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Shilpa Ray — O’Death — Tarana
Oct 1, 2015 @ 8:00 pm - Oct 2, 2015 @ 12:00 am| $15
Tarana — 9pm
Tarana is an exciting and ground-breaking Trombone/synth (Rick Parker) & Drums/electronics (Ravish Momin) DUO that blurs the boundaries between the electronic and the acoustic, while blending a vast array of influences, ranging from Jazz to Juke to Disco to Bollywood. Using digital and analog electronics, they layer live loops, melodies, textures and sounds on top of their tight-knit acoustic instruments to create a symphonic sound that also explores deep-grooving rhythms from across the world. According to the Pittsburgh Post-Gazette, “few groups stretch the boundaries of jazz further than Ravish Momin’s Trio Tarana… They build beautiful, utterly unpredictable improvisations from elements as disparate as Indian classical music, electronic music and a vast panoply of East Asian rhythms.”
O’Death — 10pm
As O’ Death wrapped up production on their third studio album Outside at the end of 2010, lead-singer/guitarist Greg Jamie relocated to Biddeford, Maine, to take over a local music and arts venue and turn it into The Oak and The Ax. Since then, Maine and The Oak and The Ax have become a second home for o’death and eventually the location for the recording of their fourth full-length studio album.
The band convened in South Portland, ME, to work with lo-fi recording guru, Caleb Mulkerin (Big Blood, Fire On Fire, Cerberus Shoal) and to take advantage of the homey space in Biddeford they had performed in many times since 2011. On Out of Hands We Go, o’death return to a focus on live performances with Jamie’s voice and lyrics planted firmly in the center of the band’s dynamic arrangements, a stark departure from the multi-tracked and meticulously overdubbed Outside.
Greg Jamie’s strength as a lyricist is his ability to create evocative images and details that come together to form a narrative if the listener is ready to walk the path. Out of Hands We Go contains stories of a more personal nature, abandoning horror-film vignettes in favor of heartbreak (“Heal In The Howling,” “Herd,” “Apple Moon,”), defiance (“Roam,” “Wrong Time,” “Wait For Fire”) and ultimately triumph (“All Is Light,” “We Had A Vision”) before culminating in the climactic “Isavelle” that fires on all dramatic cylinders.
Shilpa Ray — 11pm
Nobody grows up wanting to be an artist’s artist. Appreciated by the sub sect of the sub sect is like being the beauty queen at the leper colony. Hell, anybody who claims they grew up wanting to even be an artist rather than an astronaut or a Cthulhu is probably lying or was a corny kid. Art is hard and degrading and generally bullshit. Your friends will find you irritating and your parents will certainly not throw you a parade. But if you’re an artist you’re an artist; the soul will fuck you every time, what can you do?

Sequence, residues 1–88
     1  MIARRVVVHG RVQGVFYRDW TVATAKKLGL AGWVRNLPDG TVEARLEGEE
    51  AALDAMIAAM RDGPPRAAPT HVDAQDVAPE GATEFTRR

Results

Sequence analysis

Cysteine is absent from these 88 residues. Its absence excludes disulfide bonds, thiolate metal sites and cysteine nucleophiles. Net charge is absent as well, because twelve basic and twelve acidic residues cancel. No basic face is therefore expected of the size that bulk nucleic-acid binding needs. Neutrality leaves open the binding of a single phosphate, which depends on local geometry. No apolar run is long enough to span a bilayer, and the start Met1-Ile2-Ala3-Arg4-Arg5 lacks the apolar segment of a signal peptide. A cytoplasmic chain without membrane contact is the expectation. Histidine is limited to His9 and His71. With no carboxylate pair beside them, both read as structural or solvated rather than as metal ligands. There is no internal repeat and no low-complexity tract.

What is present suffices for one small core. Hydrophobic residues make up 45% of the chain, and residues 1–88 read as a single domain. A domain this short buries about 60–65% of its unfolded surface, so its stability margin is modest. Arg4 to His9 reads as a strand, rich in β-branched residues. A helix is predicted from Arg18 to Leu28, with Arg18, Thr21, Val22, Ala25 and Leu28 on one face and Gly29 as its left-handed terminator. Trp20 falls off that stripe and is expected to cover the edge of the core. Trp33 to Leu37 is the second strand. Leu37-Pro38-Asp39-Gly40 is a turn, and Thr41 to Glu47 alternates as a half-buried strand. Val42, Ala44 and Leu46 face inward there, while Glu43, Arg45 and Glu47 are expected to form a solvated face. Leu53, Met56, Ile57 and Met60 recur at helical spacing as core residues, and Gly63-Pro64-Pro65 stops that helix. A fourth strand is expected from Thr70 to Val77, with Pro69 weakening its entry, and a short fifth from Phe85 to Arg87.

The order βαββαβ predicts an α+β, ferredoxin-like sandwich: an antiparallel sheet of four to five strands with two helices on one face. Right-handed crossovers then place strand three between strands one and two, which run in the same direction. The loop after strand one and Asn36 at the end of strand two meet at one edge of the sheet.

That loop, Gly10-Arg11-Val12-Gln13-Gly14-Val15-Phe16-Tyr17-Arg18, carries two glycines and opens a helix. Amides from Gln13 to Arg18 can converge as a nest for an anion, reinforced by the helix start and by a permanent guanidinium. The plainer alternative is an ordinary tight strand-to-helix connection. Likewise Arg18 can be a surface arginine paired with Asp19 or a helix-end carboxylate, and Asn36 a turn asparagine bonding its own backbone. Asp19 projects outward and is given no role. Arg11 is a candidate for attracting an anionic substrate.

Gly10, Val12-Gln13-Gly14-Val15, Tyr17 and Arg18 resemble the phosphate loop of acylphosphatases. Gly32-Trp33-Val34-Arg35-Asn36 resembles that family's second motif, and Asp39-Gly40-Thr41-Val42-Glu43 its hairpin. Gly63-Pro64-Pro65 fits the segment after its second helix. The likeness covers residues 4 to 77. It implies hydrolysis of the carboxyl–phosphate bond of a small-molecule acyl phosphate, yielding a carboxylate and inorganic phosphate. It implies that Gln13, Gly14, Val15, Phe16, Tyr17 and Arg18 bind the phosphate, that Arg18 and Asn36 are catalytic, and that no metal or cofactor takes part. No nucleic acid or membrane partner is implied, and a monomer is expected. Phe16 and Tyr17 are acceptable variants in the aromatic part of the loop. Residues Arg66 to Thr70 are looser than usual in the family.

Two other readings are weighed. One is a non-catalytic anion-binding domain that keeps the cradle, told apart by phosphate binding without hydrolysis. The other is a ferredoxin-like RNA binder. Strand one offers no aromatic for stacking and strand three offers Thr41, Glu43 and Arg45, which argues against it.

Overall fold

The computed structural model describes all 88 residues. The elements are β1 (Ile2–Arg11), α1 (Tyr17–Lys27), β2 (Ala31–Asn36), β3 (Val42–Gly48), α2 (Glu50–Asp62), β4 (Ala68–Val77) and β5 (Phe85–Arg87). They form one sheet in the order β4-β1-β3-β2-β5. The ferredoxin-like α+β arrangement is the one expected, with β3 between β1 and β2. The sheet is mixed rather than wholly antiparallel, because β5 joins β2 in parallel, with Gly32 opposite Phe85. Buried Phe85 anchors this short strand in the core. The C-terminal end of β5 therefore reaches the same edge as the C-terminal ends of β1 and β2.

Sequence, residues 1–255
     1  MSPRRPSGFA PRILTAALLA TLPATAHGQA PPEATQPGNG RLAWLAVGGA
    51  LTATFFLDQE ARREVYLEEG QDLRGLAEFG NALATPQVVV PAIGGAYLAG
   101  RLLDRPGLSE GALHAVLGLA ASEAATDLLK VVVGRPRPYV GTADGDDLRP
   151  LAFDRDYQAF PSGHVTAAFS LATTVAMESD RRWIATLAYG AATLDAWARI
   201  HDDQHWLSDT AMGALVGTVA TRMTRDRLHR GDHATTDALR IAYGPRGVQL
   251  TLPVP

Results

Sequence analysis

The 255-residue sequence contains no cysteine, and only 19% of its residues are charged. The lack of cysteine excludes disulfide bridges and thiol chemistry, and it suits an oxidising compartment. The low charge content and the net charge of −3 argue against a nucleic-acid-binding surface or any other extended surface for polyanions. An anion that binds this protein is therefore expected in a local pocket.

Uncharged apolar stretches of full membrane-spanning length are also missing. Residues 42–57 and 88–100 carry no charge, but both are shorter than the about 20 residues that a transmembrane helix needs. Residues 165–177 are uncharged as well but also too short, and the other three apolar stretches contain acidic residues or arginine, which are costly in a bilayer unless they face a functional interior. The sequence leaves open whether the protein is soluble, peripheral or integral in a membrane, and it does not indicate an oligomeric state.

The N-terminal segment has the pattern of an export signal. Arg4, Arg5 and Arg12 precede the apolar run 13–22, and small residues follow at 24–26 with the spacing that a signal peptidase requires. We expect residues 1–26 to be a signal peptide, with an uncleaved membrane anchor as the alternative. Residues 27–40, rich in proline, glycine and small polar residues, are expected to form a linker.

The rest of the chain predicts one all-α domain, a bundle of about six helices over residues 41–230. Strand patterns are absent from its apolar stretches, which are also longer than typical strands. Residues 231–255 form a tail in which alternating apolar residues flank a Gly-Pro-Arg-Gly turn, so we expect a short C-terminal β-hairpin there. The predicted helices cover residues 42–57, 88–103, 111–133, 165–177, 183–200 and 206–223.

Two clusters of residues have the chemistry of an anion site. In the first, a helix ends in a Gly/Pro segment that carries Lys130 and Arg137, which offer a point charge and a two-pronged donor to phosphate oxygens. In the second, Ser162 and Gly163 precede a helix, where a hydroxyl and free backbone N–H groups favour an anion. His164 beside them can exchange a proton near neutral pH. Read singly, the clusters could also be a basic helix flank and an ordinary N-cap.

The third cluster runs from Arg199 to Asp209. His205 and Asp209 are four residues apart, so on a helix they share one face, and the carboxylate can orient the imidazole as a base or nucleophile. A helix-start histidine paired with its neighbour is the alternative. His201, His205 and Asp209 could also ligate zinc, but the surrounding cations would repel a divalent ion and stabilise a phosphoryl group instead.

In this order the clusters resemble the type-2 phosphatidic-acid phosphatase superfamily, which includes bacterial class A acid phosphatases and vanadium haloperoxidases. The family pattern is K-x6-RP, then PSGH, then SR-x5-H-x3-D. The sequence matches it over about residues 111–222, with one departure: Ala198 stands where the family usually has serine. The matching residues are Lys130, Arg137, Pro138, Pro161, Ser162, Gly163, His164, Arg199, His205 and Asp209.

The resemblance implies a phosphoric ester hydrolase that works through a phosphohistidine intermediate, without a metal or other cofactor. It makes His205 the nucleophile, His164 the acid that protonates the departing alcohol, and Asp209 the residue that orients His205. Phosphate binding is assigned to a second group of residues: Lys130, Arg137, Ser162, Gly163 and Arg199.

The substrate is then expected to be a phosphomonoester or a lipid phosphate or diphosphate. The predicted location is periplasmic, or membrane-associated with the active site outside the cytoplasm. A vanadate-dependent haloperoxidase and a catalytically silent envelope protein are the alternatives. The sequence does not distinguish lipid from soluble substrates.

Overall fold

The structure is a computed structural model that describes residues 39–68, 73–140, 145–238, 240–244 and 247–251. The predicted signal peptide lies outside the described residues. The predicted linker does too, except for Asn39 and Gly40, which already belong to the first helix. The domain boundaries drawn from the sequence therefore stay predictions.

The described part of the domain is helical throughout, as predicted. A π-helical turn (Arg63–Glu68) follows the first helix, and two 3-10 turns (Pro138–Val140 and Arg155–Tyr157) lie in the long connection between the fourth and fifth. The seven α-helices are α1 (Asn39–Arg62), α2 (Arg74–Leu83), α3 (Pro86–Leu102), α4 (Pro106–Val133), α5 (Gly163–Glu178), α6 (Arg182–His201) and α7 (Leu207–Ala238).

Shilpa Ray is, through no fault of her own, one of our unsung great artists. Having made her bones with the gothic Sturm und Drang of Beat The Devil and moving forward to the blues erosion of “…and The Happy Hookers” Shilpa Ray has been, armed only with an incomparable voice and harmonium haunted by the ghosts of dead lovers, perpetually crying in the wind, hoisting both middle fingers in the general direction of god. It’s not a life a wise man would choose. Shilpa Ray kicks against the pricks but the pricks keep coming. But, again, what can you do?
Well, that’s been the narrative until now. With Last Year’s Savage (maybe a nod to Leonard Cohen maybe a nod to Barrence Whitfield) Shilpa Ray has taken the pain and dark funk of earlier sounds and made explicit the sublimity that was always there just below the surface. The conversation has become less a break up with doors ripped from their hinges and more the last pained pillow talk before parting. The obsessions with sex, death, bodily functions, and betrayal (not necessarily in that order) remain but Shilpa has expanded the palate to convey the resignation, the simmering discontent of an artist disenfranchised and held down. This is a quieter rage than the music Shilpa Ray has made before, more plaintive and considered, even if it’s the quiet of a hand gripped tight on the axe handle. The music remains gorgeous and stirring in its directness while Shilpa herself remains, thankfully, entirely and inappropriately threatening.
Shilpa Ray has, up till this, point, yes, been an “artist’s artist.” Just about every musician in New York City, who doesn’t hate her, loves her. Nick Cave sings her praises to all with the ears to listen (he brought her along a European tour as an opener and as a backup singer in the States). Obviously there are some who will always prefer lesser versions of the Shilpa Rays of the world (as if there could be more than one), preferably with blue eyes and On Brand Waifishness, but the truth will, eventually out. Talent this big can only be kept down for so long before the sky cracks and we all drown in the blood of angels. Either way, this is Shilpa Ray’s year.